Archive for Caste

Caste in Pakistan: The Elephant in the Room

Posted in Pakistan with tags , , on August 25, 2009 by Umer


Shahbano Aliani

A pregnant woman from a remote rural village in Tharparkar goes to a private hospital in Hyderabad. The medical staff refuse to attend to her, saying they do not want to pollute their instruments and dirty their hands. Feeling humiliated and angry, she returns to her village without having received the services she needed.

A 20 year old woman from Peshawar is brutally murdered by her brothers and father for attempting to marry outside the biradari and bringing shame to the family honour.

A young Kolhi girl is abducted while working in the cotton fields of a landlord outside Mirpurkhas. She is forced to convert to Islam and marry her abductor. The police refuse to register a case and her family is advised to remain silent for the sake of their own safety.

In a village in Southern Punjab, a young boy from a “lower-caste” is accused of dishonouring the “high caste” tribe by having an affair with one of their women. The village panchayat orders the gang rape of the boy’s sister by the “high caste’ men so that they may restore the honour of their tribe.

These stories have a familiar ring. Variants occur with alarming regularity in Pakistan; some covered by the media, but most covered up by the silence, fear and helplessness of the victims; and the indifference of the rest of society.

Continue reading

In the name of honour

Posted in Communist Movement, Law, Marxism with tags , , , , , , , , , , on August 18, 2009 by Umer

The Aug. 15-29, 2008 issue of the Frontline carried the theme of caste-based violence and killings in the name of honour. The urgent relevance of the topic emerged from the an instance in Dharana, near Haryana, where a local panchayat ordered the ouster of a family from a village on the grounds that a member of the family had married outside of caste in violation of the parampara (tradition).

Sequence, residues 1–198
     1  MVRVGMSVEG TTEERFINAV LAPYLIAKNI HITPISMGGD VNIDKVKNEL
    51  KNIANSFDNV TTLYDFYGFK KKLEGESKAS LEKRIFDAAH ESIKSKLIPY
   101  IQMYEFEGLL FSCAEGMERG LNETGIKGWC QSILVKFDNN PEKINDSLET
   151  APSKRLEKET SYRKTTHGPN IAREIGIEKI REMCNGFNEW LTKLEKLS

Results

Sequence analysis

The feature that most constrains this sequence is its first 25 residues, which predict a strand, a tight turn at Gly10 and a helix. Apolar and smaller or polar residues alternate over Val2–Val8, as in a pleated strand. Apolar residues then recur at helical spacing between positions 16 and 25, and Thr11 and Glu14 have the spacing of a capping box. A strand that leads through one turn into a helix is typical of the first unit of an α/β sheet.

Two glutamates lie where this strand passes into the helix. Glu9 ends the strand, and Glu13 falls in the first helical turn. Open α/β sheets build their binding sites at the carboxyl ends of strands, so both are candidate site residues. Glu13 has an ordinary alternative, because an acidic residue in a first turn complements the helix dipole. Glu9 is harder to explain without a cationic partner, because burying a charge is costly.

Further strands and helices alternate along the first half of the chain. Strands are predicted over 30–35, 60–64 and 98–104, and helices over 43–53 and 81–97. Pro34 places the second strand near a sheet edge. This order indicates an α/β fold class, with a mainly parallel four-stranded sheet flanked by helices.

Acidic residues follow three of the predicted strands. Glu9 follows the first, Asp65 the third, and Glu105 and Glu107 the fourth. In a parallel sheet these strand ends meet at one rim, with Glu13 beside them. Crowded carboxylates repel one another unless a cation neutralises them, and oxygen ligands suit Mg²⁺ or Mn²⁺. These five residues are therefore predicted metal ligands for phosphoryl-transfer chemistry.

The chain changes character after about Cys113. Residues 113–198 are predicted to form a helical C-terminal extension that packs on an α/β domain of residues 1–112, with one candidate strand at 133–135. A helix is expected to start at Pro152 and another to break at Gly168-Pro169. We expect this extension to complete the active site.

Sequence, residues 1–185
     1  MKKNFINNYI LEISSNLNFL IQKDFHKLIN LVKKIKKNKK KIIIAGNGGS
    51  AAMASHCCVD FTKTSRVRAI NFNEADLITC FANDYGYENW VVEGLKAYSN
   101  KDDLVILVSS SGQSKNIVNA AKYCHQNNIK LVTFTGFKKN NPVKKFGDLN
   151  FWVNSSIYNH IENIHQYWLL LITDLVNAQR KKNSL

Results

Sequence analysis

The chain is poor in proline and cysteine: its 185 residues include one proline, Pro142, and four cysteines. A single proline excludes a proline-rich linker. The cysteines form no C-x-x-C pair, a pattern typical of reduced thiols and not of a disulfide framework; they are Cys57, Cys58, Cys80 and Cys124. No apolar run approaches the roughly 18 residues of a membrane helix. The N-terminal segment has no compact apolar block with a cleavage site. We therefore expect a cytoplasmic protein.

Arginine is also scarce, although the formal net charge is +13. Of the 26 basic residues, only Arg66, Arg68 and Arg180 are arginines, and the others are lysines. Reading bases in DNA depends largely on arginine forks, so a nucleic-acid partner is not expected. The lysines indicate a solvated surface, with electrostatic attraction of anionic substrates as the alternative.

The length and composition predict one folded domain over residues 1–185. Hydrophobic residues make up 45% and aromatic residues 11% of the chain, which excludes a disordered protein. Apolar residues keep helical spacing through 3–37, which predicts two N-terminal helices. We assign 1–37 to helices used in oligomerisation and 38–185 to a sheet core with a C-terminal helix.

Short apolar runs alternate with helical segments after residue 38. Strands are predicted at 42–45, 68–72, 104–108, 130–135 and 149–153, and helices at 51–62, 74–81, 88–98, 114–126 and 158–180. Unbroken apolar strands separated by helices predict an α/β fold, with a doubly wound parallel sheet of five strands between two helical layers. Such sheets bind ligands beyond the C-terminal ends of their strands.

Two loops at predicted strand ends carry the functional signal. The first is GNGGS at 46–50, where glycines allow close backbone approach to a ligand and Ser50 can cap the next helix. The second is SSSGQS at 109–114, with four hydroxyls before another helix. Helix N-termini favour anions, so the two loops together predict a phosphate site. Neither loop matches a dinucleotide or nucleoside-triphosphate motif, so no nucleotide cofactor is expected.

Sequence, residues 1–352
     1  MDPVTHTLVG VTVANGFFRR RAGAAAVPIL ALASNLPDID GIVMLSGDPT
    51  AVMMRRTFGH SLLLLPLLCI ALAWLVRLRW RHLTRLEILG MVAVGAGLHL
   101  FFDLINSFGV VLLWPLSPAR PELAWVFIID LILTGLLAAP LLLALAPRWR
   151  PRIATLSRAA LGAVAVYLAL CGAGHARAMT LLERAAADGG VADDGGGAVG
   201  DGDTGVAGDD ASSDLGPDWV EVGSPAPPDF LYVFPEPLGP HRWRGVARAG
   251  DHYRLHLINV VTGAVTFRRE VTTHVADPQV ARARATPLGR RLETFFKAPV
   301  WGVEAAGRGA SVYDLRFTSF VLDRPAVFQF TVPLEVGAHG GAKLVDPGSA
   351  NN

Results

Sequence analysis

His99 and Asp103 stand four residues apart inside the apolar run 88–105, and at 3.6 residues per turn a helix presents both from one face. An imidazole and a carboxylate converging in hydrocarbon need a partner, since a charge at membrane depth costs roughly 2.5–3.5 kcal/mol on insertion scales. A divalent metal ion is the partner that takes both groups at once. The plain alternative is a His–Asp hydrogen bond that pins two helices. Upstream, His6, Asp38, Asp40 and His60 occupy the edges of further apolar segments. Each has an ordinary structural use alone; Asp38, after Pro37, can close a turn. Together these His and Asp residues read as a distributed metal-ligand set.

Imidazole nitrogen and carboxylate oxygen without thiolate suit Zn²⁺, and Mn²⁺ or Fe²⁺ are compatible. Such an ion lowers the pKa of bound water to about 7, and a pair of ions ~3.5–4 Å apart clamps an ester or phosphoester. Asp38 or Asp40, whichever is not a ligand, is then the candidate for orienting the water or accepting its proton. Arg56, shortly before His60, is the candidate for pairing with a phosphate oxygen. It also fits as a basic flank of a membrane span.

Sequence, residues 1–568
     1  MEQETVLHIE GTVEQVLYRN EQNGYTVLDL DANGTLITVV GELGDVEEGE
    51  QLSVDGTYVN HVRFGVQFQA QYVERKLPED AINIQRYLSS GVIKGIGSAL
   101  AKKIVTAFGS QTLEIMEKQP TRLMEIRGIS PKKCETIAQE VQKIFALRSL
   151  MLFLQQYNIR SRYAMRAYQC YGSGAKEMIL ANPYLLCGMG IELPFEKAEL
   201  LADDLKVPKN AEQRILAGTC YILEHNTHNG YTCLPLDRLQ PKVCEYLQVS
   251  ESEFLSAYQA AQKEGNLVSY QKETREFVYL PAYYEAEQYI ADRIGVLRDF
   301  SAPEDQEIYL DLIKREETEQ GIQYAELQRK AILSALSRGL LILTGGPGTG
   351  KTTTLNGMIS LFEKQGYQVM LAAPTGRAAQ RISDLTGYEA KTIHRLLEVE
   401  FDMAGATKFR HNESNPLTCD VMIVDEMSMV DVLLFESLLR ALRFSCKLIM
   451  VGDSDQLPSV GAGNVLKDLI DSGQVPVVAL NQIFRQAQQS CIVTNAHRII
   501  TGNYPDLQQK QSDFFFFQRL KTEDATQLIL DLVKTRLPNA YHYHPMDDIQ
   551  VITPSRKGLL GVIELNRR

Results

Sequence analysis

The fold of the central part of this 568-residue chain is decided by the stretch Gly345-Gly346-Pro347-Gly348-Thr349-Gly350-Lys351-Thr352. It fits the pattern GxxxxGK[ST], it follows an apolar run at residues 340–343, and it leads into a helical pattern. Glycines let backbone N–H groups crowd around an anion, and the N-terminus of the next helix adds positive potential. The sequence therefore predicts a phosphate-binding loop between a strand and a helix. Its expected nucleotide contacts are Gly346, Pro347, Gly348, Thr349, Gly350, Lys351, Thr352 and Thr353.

The Red Diary has frequently raised the issue of caste system and emphasised the importance that caste plays in the socio-political make-up of the South Asian sub-continent. The Red Diary here presents the interview of Brinda Karat to Frontline regarding caste system and its impact women.

Interview with Brinda Karat, MP and CPI(M) Polit Bureau member.

ONE of the few parliamentarians with a record of raising women’s issues both in and outside Parliament, Brinda Karat feels that honour killings and honour-related harassment do not get the attention they deserve from the executive or the legislature. She says that it was time political parties came together on this issue. In an interview to Frontline, she explained the importance of recognising these crimes as a separate category and the need for special laws to deal with them as had been done in the case of sati. Excerpts:

In your view, how serious are honour killings and crimes related to honour? You raised this issue in the Rajya Sabha and it evoked a response from the Home Minister and several other members cutting across party lines

I had asked a question in Parliament on the number of killings relating to honour that had taken place so far and the reply I received from the government was that they do not recognise such a category and, therefore, there was no separate collection of such data.

According to a 2008 judgment of the Punjab and Haryana High Court, it was stated that there were thousands of cases of young couples who had been victimised because they crossed the lakshman rekha determined by their communities, castes or families.

It is a shame that even today there is no legal definition of the term honour killing or honour crime. As a result, the perpetrators of such crimes more often than not get away with murder, torture, assault, and violation of laws regarding atrocities committed on the Scheduled Castes and the Scheduled Tribes. And they continue to commit them with impunity.

The extent of the crime is underestimated, it is made invisible and young men and women just disappear without a trace as though they had never lived. Hence, it is essential for the government to not only define the crime but also start collecting separate data, for unless the existence of the crime itself is recognised, it is difficult to deal with it in any form.

Continue reading